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Restrictor-plate gamesmanship: Here’s how teams gained more speed

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DAYTONA BEACH, Fla. – Eyes dart and scan the surroundings. Satisfied we are alone, a grin emerges. Still, because of the sensitivity of the subject, the person speaks in a hushed tone. One does not loudly boast about outsmarting NASCAR inspectors.

But they do boast.

“Oh hell, I’ve got all kinds of stories.”

While NASCAR discourages rule breaking with more severe penalties — including the recent announcement that officials will disqualify any car that fails inspection after a race — the sport’s history and part of its charm stems from those who broke the rules.

This weekend’s Daytona 500 marks the final race with restrictor plates. Tapered spacers will control horsepower moving forward. And so closes a chapter of ingenuity by teams to find extra horsepower. The storytellers prefer to remain anonymous but are willing to share with NBC Sports their cat-and-mouse tales through the years with officials.

One person recalls a time in the 1990s in what was then called the Busch Series. This was back when nearly 10 cars would fail to qualify for the season-opening race. This particular team was in danger of failing to qualify.

The team’s luck changed when a garage veteran offered a tip on how to make more horsepower: Slip a couple of acrylic washer rings between the restrictor plate and the carburetor. That gap allowed more air to flow into the engine and create more horsepower.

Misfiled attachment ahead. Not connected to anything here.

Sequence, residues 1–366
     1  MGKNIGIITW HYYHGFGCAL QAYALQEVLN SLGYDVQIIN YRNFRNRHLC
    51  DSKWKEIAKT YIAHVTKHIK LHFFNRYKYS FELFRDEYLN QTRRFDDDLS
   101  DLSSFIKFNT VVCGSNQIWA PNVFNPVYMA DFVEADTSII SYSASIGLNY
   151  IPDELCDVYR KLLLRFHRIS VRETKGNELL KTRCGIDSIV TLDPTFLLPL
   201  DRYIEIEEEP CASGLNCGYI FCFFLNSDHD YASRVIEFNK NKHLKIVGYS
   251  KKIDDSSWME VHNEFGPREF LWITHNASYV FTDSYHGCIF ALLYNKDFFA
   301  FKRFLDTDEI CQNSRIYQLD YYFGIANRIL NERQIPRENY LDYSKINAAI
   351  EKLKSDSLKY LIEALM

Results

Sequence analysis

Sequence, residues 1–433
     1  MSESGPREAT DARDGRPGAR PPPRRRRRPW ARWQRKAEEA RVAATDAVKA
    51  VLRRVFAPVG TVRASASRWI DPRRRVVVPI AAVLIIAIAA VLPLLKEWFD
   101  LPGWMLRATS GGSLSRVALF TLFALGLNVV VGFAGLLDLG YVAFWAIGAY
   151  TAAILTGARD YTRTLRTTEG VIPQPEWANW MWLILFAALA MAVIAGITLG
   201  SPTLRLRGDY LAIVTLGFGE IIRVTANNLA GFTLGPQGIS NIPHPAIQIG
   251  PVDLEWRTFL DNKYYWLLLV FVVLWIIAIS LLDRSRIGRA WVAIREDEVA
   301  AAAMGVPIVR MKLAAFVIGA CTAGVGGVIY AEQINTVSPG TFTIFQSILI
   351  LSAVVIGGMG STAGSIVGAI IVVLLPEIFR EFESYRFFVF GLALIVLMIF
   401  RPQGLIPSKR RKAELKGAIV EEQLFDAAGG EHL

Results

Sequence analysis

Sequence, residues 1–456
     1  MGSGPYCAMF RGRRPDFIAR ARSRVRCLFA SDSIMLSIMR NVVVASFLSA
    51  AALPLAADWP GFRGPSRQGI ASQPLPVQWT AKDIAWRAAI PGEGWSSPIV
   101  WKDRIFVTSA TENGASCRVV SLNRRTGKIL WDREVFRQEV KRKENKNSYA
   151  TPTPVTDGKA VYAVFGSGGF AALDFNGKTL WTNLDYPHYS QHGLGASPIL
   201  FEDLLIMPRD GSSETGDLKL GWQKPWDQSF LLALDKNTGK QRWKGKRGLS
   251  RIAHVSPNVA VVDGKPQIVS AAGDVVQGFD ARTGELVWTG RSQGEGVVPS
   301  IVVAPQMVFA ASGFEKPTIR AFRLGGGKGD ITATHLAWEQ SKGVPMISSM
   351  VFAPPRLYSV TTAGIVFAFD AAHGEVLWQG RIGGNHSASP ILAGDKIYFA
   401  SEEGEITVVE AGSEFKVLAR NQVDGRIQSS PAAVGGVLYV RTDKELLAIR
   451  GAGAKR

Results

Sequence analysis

“We got them in and our car qualified in the top 10 and we’re scared to death,” this person said. “We’re going to end up being checked (by NASCAR).

“We were hoping to be under the radar, come in around 20th or 25th and just be in the race and we’re being held and I’m like ‘Holy crap.’ ”

They were eventually waved by and didn’t have to go through inspection after qualifying. As they headed back to the garage, the driver told the crew member: “Make sure you get them out of there!”

They did. The team didn’t use the rings in the race because the draft was enough of an equalizer.

“Never did anything like that ever again,” the person said. “I’ve never shared that with anybody.”

The need for such creativity came after Bobby Allison’s car destroyed a section of fencing in the May 1987 race at Talladega Superspeedway. NASCAR sought to slow the cars to keep them from exceeding 200 mph and getting airborne. That led to the use of restrictor plates. They also were used for a time in what is now the Xfinity Series.

With an inspection process less stringent years ago than it is now, teams found ways to harness more horsepower despite the restrictor plates.

Sometimes it was quite elementary. One person recalled asking inspectors for permission to tighten a nut after the restrictor plate had been inspected.